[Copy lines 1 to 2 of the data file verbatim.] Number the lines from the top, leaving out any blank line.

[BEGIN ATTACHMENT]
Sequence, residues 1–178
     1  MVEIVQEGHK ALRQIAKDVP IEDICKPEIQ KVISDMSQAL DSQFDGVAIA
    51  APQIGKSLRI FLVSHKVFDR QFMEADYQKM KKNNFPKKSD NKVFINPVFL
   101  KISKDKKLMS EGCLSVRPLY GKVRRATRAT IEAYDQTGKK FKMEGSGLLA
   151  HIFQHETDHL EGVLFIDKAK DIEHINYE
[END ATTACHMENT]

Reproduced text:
Sequence, residues 1–178
     1  MVEIVQEGHK ALRQIAKDVP IEDICKPEIQ KVISDMSQAL DSQFDGVAIA